Economy & Business

Business news

The ground is shaking near Cushing, Okla., home to the largest commercial crude oil storage center in North America.

This little patch of prairie in northwestern Oklahoma is one of the most important places in the U.S. energy market.

Oklahoma is on track to have a record year of earthquakes — more than 5,000 have already been recorded. And those quakes appear to endanger the very industry that created them.

In 2015, what's American made? The U.S. is known for manufacturing — it's part of our identity, though jobs have been lost. They've gone overseas. Technology has changed the way things are made.

Nevertheless, America is still making stuff.

And in terms of jobs, the Los Angeles area is the biggest manufacturing hub in the country. There are a few reasons why. There is plenty of space here to build things like factories and runways. That beautiful California weather? It's actually great for testing planes year-round.

Delegates from nearly 200 nations are in Paris to negotiate a new agreement to curb global warming.

The first such meeting took place 18 years ago in Kyoto, Japan — a conference that produced the first international treaty aimed at slowing climate change. That attempt failed.

Scientists say the planet is closer than ever to a climate catastrophe. So this time, the climatocracy has devised a radically new approach, requesting all countries to come up with voluntary limits on greenhouse gasses. The new plan also offers poorer countries cash to help offset their costs.

Considering China's currency for reserve status

16 hours ago
David Brancaccio

On today's show, we'll talk about why we need to keep an eye on the 10-year treasury yield; more on the IMF's decision on whether or not to include China's currency in its list of its official reserve currencies; and communities designed to help people with dementia.

New life for a Hollywood prop house

17 hours ago
Adrienne Hill

Louisiana, Georgia, New York, and Canada have, in recent years, grabbed a lot of film and television production that was once done in the Los Angeles area.

But, California is fighting back. The state tripled its tax incentives in an effort to help keep the work. It's offering millions to shows to come back to Hollywood, and millions to big budget films.

And the money seems to be paying off.

We recently toured 20th Century Props, a Southern California prop house that recently reopened its doors. 

How Minnesota's supporting people with Alzheimer's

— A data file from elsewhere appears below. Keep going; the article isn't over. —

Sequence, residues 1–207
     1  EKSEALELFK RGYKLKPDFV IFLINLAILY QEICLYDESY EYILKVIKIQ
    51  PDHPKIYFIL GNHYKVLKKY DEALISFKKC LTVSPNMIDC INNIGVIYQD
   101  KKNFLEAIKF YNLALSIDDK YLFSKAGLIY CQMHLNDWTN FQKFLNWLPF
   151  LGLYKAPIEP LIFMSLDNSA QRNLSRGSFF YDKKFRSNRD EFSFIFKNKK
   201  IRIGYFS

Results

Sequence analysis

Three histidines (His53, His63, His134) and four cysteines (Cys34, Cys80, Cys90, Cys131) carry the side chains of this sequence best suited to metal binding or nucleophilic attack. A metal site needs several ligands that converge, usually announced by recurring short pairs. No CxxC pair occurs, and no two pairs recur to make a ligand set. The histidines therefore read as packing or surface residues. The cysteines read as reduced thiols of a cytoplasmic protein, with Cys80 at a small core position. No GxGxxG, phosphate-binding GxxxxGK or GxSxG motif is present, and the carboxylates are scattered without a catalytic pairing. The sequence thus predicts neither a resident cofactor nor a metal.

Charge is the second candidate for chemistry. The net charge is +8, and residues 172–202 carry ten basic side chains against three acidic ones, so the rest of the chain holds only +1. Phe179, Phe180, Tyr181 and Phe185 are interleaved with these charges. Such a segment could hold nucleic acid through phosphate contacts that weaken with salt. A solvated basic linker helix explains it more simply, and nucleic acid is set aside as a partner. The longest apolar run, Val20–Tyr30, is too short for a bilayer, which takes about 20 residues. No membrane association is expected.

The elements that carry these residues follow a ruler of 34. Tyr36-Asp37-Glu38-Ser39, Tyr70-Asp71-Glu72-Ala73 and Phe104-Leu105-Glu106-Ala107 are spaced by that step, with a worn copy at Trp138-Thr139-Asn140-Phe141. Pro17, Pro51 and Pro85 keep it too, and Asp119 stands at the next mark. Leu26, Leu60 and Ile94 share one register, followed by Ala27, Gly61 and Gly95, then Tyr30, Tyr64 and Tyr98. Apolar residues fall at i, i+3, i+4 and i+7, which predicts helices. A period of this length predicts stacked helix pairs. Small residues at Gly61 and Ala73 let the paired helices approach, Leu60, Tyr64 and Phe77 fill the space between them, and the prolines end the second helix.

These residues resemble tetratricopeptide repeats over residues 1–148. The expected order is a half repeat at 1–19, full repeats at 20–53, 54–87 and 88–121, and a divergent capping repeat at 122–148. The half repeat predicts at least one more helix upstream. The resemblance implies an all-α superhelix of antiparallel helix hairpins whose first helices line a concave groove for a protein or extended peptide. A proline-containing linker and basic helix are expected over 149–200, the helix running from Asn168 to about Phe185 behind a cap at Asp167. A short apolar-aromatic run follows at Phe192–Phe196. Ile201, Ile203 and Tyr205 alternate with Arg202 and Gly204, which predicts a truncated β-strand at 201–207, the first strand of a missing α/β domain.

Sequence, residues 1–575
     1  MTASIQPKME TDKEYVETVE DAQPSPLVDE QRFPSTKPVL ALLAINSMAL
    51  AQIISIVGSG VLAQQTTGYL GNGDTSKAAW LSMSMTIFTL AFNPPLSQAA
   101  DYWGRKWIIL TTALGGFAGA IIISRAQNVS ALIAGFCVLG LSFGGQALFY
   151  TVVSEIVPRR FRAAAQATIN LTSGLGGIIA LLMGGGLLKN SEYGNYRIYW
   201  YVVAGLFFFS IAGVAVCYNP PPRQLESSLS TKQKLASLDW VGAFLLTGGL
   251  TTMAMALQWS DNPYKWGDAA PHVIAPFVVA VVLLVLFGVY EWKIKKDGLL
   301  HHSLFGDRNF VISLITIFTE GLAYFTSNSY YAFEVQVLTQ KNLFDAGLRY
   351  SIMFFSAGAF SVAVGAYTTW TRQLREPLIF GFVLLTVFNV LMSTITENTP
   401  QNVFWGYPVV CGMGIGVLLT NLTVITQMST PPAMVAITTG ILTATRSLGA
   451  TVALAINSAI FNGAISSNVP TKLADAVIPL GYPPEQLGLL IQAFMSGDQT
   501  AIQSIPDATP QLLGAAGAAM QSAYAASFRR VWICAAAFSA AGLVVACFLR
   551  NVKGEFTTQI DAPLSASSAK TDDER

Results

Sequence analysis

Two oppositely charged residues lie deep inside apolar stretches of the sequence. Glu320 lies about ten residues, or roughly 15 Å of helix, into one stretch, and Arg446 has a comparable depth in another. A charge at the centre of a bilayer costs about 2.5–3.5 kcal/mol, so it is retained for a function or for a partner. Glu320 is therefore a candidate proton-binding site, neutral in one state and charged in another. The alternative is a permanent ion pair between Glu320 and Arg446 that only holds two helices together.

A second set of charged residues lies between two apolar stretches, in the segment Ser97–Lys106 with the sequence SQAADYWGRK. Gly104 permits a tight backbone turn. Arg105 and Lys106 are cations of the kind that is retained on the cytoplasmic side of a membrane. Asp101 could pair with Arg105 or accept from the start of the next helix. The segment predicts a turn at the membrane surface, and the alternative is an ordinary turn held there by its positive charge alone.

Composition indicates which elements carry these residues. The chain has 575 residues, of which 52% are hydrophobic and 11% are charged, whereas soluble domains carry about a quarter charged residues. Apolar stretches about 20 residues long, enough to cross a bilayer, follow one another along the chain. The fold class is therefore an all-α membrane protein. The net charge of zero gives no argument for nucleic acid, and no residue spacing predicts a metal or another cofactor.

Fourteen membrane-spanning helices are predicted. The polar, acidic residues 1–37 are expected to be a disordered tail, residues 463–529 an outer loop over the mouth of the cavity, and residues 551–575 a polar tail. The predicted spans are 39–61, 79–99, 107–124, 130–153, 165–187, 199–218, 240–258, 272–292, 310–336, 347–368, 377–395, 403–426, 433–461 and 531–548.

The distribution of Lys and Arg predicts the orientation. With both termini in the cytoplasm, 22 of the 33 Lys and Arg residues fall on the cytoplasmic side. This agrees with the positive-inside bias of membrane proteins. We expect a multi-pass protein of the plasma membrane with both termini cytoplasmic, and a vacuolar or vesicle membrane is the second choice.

17 hours ago
Catharine Richert

With the annual number of new cases of Alzheimer’s and dementia-related diseases expected to double by mid-century, Paynesville is among a handful of Minnesota towns striving to be dementia-friendly for its aging population.

Minnesota has a long tradition of taking the needs of the elderly seriously. In fact, Paynesville takes those needs so seriously, it greets visitors with a billboard announcing that it’s a dementia-friendly community. Programs offer shopping assistance at the local grocery store, education for first responders and training for local businesses.

Marketplace Tech for Monday, November 30, 2015

17 hours ago

Airing on Monday, November 30, 2015: On today's show, we'll talk about Cyber Monday sales; how consumers are using apps for shopping; and if innovation is outpacing regulation in the sharing economy.


Airing on Monday, November 30, 2015: On today's show, we'll talk about the big climate change conference in Paris; and a visit to a props house in Hollywood, which is trying to attract films back to California.

Andy Uhler

Puerto Rican government officials don't think the commonwealth can make the payment of $354 million, because it needs the money to keep vital institutions like schools and government agencies running. 

Over the past year, Puerto Rico has been no stranger to dealing with creditors. The island defaulted on a debt payment of almost $60 million in August. That marked the first default in the island's history. That was bad. Ted Hampton, Credit Officer at Moody's, said missing this deadline could be worse. 

New York City menus get salted with sodium symbols

17 hours ago
Marketplace staff


That's the recommended daily limit of milligrams of sodium a person should ingest. And starting Monday, New York City restaurants will be required to display a special symbol next to dishes that have more than that amount. As the Associated Press reports, it's estimated that the new rule applies to 10 percent of items at chain restaurants with at least 15 outlets nationwide.

$354 million